Friday, December 14, 2007

Mokpo Medicine

A personal note: I have contradicted a virus. Or maybe a bacterial infection. Or maybe just a normal killer cold transmitted to me by one of my students. In either case something is making me fells sick enough to not go to school, skip out on the eco-gooken oil clean up this weekend, and (the scariest part) to go to the doctor.

Now, it's not that I'm scared of going to the doctor, I'm just not that confident with the language to ensure that I get proper medical attention. I mean let's transfer the hilarity that one has with trying to get a hair cut into trying to get medical care. In which situation can you walk away from "I didn't want that cut off" and well, actually walk away?

Galbijim has a nice post about what to do when sick and even a page for Hospitals with English speaking staff. Lucky enough Mokpo has at least one English speaking doctor: 김건형 (aka Kim Kan Hyan) at the 21세기하나내과 (aka 21 Century Hana Medical Clinic). He's not completely fluent but we managed to talk about me and my symptoms without the need of an interpreter, something that generates so much material for sitcoms:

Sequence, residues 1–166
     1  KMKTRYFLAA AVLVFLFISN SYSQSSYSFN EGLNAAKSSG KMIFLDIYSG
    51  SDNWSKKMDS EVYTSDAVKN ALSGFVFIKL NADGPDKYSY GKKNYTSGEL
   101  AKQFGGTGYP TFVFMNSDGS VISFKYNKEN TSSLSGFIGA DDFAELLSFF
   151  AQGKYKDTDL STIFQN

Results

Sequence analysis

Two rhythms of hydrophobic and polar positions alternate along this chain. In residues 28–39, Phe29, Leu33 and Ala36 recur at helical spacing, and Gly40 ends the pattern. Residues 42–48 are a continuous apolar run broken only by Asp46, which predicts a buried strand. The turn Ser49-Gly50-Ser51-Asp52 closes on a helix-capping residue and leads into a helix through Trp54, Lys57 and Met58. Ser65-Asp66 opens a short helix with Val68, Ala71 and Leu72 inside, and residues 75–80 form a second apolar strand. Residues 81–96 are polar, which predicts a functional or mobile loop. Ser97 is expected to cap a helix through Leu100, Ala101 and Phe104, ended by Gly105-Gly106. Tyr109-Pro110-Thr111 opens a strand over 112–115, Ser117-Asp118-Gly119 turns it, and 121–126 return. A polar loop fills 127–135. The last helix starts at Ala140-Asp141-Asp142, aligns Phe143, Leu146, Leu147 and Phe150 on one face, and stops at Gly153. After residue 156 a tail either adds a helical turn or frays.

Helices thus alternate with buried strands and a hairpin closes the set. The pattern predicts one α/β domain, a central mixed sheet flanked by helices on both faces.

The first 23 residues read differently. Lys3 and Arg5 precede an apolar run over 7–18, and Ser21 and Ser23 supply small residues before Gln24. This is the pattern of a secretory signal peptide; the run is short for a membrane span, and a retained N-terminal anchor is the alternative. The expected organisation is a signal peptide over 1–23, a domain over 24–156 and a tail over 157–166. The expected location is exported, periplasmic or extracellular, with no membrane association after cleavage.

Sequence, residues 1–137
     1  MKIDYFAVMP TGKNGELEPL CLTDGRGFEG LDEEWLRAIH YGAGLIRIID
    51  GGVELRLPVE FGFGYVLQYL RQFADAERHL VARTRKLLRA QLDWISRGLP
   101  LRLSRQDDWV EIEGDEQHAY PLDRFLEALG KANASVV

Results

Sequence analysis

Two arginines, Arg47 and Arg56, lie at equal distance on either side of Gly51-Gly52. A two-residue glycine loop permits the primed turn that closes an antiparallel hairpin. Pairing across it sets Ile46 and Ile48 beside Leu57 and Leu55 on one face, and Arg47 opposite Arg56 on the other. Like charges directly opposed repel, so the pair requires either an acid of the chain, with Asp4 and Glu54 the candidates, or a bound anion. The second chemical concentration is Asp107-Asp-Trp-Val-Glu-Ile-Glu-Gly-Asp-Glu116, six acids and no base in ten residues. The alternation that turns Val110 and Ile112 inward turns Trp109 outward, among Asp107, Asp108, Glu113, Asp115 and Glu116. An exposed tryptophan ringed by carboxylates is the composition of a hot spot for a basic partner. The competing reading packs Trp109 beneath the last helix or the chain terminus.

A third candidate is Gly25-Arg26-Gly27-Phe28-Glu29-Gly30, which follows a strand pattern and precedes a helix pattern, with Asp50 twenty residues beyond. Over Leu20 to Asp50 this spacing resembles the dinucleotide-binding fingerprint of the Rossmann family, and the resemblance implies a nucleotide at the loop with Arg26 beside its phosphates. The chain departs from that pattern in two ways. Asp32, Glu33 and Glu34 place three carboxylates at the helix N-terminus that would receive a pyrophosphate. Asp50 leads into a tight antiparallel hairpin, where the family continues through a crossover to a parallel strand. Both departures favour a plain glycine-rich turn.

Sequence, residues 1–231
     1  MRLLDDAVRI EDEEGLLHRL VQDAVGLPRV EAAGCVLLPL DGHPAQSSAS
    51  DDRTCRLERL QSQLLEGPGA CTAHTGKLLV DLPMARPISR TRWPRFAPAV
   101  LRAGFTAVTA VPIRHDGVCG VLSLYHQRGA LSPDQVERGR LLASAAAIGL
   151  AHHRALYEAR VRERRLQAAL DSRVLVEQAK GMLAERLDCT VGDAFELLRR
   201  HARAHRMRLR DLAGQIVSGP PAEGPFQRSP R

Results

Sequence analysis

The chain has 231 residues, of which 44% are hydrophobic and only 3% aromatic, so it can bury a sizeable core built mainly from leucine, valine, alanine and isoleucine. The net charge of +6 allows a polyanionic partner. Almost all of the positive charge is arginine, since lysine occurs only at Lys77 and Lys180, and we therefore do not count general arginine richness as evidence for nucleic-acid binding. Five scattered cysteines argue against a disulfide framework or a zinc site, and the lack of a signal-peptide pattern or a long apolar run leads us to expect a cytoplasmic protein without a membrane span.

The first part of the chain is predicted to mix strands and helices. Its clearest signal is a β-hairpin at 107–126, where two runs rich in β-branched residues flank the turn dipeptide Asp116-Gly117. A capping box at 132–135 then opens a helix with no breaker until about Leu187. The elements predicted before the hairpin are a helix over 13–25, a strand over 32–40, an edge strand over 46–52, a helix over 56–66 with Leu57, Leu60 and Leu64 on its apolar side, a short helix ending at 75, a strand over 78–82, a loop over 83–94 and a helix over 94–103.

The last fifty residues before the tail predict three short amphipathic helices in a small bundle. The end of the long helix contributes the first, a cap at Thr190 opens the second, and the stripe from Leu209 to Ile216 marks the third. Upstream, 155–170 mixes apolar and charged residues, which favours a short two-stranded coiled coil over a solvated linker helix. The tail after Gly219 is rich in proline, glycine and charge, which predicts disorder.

No one here could speak much English (the doctor knew some words), so the process of getting me prepped for deeper observation was a challenge. They had to get at my hip, so I was told to undo my pants. Makes sense, but in my mind, that meant take them right off. So that's what I did, right there in front of the nurse, who gave a good loud scream and ran into the back room. I had underwear on, but it didn't seem to be enough to calm her down, so I wrapped a towel around myself, shouted some "I'm sorry"s over the curtain, and got back down on the table.
Even though my students tell me it is a hospital, the part where I went to, on the second floor, was really a walk-in clinic. I managed to get Kim Kan Hyan by asking "English Doctor?" to the receptionist and the subsequent service was relatively quick. I received the required shot in the bum, eye drops, and an individually wrapped cocktail of pills from the pharmacy on the first level. I have five pills in my cocktail to be taken three time a day and that looks to be on par with the national average:
The average number of pills prescribed to those with colds in Korea was 4.73, compared to 1.61 for the US, 2.58 for the UK, and 2.2 for Japan. People under 18 in Korea were given an average of 4.56 pills per prescription, compared to 1.64 for the US, 1.77 in Switzerland, and 1.85 in Germany.

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